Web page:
|How does the Echo Stress Test work?
How do I prepare for the test?
How is the test performed
How long does it take?
safe is it?
What is the reliability
of the test?
How quickly will
I get the results?
a panoramic view of the Echo Stress lab
does Stress Echo work? Patients with coronary
artery blockages may have minimal or no symptoms during
rest. However, symptoms and signs of heart disease may
be unmasked by exposing the heart to the stress of exercise.
During exercise, healthy coronary arteries dilate (develop
a more open channel) than an artery with a blockage.
This unequal dilation causes more blood to be delivered
to heart muscle supplied by the normal artery. In contrast,
narrowed arteries end up supplying reduced flow to it's
area of distribution. This reduced flow causes the involved
muscle to "starve" during exercise. The "starvation"
may produce symptoms (like chest discomfort or inappropriate
shortness of breath), EKG abnormalities and reduced
movement of the heart muscle. The latter can be recognized
by examining the movement of the walls of the left ventricle
(the major pumping chamber of the heart) by Echocardiography.
In the animation shown above, the
left hand panel, marked "Resting" shows normal
movement of the septum (the muscle partition between
the right and left ventricles (RV and LV, respectively)
while the patient is resting. The animated echo on the
right ("Exercise") shows that movement of
the septum is markedly reduced immediately following
stress. Such findings would indicate a blockage in the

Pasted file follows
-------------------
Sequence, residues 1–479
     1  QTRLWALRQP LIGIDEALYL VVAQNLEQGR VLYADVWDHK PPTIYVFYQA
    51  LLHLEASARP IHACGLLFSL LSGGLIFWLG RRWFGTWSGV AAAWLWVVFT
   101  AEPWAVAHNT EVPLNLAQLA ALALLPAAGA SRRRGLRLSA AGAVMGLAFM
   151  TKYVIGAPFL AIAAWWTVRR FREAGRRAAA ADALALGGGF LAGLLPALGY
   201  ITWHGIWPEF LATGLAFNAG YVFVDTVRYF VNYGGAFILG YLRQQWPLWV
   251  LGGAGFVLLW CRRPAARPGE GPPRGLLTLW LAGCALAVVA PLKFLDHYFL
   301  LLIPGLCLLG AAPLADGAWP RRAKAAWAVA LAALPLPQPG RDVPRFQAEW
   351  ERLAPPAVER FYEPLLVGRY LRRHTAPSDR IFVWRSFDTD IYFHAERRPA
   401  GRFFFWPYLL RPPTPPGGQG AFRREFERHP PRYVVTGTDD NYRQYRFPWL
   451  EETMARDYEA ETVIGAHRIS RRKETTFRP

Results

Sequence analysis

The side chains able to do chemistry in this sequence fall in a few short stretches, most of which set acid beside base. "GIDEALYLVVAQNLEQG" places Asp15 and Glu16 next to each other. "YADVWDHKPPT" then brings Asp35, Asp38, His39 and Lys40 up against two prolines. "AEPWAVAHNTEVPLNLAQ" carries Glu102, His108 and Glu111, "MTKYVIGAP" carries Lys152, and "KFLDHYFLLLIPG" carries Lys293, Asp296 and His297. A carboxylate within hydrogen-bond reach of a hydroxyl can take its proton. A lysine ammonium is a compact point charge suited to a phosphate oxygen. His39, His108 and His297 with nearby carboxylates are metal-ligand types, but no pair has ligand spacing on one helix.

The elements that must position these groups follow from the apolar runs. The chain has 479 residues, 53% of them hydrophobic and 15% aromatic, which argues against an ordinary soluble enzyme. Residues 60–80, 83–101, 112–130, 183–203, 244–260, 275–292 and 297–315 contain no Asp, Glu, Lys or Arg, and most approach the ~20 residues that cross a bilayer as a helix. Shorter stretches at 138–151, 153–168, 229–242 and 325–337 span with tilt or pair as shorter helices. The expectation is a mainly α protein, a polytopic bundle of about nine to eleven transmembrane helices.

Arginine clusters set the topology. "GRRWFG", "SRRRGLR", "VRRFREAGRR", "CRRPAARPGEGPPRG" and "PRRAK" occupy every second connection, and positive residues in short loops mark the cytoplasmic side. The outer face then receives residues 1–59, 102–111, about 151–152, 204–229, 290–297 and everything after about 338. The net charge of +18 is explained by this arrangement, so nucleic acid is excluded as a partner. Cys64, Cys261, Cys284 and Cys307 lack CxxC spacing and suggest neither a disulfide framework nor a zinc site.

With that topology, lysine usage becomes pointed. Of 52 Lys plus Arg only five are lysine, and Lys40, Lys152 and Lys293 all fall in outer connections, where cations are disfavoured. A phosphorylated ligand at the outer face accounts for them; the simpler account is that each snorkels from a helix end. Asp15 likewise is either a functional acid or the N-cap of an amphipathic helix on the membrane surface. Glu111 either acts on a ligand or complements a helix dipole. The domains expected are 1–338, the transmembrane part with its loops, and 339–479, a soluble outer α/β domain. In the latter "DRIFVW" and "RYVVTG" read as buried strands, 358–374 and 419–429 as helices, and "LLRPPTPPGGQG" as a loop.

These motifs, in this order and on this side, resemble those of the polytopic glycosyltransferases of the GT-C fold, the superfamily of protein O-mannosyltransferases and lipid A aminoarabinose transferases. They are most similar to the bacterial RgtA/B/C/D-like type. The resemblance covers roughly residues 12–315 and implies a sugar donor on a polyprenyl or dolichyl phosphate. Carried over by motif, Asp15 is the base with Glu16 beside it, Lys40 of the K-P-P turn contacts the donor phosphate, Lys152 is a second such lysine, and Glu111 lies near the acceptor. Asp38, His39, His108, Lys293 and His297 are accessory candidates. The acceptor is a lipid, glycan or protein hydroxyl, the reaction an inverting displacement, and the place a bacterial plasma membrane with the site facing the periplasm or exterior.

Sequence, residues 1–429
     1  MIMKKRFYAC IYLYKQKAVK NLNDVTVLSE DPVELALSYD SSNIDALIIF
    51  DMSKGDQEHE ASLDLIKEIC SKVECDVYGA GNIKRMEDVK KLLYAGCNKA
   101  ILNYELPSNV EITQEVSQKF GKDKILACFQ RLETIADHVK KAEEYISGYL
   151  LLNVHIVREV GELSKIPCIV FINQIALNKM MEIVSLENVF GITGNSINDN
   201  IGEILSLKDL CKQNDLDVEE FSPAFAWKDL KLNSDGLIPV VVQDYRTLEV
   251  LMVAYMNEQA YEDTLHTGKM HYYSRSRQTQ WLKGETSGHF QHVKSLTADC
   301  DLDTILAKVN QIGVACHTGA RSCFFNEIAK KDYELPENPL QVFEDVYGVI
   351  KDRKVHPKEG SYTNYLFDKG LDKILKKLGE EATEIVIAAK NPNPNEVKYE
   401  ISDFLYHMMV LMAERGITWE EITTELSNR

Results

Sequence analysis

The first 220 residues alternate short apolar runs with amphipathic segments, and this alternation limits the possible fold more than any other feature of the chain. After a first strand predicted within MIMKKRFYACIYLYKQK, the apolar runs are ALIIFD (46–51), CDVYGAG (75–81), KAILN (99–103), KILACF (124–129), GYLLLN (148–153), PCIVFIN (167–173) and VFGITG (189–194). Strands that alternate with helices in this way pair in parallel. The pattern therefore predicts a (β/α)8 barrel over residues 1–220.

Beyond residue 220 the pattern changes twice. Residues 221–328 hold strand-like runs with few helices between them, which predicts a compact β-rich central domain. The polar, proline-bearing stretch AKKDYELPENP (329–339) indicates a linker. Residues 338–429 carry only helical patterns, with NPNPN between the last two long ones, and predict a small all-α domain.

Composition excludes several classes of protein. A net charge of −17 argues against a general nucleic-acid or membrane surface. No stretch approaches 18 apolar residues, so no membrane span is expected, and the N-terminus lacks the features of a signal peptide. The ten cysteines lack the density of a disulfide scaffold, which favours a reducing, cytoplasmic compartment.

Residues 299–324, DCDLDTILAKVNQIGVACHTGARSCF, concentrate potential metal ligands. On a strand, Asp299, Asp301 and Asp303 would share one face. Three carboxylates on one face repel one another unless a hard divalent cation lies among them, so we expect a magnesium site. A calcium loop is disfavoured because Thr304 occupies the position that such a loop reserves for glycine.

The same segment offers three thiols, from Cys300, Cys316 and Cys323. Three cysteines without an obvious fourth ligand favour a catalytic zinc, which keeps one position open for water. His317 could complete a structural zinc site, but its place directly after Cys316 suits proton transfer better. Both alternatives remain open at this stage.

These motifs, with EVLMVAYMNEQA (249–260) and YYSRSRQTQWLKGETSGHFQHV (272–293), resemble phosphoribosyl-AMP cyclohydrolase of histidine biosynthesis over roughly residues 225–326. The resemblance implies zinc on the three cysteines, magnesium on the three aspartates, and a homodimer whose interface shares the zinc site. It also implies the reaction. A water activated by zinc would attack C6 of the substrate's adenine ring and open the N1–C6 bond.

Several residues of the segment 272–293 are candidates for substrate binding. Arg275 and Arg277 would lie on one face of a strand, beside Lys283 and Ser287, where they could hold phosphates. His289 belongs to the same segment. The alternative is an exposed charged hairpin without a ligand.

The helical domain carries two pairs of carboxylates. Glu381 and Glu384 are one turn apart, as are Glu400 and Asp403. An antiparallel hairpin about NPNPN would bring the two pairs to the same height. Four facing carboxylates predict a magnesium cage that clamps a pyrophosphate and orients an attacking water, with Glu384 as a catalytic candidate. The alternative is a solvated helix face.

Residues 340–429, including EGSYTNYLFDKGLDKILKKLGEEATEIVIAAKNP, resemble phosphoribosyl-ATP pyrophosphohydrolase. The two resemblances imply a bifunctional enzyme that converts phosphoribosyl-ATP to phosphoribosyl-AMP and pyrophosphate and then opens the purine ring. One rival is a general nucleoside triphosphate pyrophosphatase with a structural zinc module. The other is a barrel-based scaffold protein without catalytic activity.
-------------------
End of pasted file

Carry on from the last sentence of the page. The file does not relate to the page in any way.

artery supplying the partition of the heart and the
front portion of the left ventricle (both these areas
are supplied by the LAD or left anterior descending
How is a Stress Echo
performed? An Echo Stress can be obtained in
a physician's office or in the hospital. Imaging tests
are generally obtained when a physician wishes to confirm
or rule out the presence of coronary artery disease.
A Stress Echo is also performed in patients who have
disease involving the heart muscle or valve, or if a
patient is having inappropriate shortness of breath
and a cardiac cause is suspected.
is brought to the Echo laboratory where a "resting"
study is performed. This provides a baseline examination
and demonstrates the size and function of various chambers
of the heart. Particular attention is paid to the movement
of all walls of the left ventricle (LV). Similar to
a regular echo test,
sticky patches or electrodes are attached to the chest
and shoulders and connected to electrodes or wires to
record the electrocardiogram (EKG or ECG). The EKG helps
in the timing of various cardiac events (filling and
emptying of chambers).
colorless gel is then applied to the chest and the echo
transducer (as described in the Echocardiogram section)
is placed on top of it. The echo technologist then makes
recordings from different parts of the chest to obtain
several views of the heart. You may be moved from laying on your back to turning over to your left side. You may also be requested to breathe slowly or to hold your
breath. This helps to obtain higher quality pictures.
The images are constantly viewed on the monitor. It
is also recorded on photographic paper, on a CD/VCR tape and/or a computer disk.
12 leads of the EKG are recorded
on paper and the blood pressure is taken. Exercise is
then initiated using a treadmill (most common) or a
stationary bicycle. In patients who are unable to complete
a high level of exercise because of physical limitations,
stress to the heart is provided by pharmaceutical or
chemical stimulation of the heart. Stress Echo is made
up of three parts: A resting Echo study, Stress test,
and a repeat Echo while the heart is still beating fast.
Exercise stress testing usually
employs the "Bruce" or a similar protocol,
as described in the Regular
Stress Test section. Exercise is started at a slower
"warm-up" speed. The speed of the treadmill
and it's slope or inclination is increased every 3 minutes.
The treadmill is abruptly stopped when the patient exceeds
85% of the target rate (based upon the patient's age).
Exercise may be stopped earlier if the patient develops
alarming symptoms (chest discomfort, marked shortness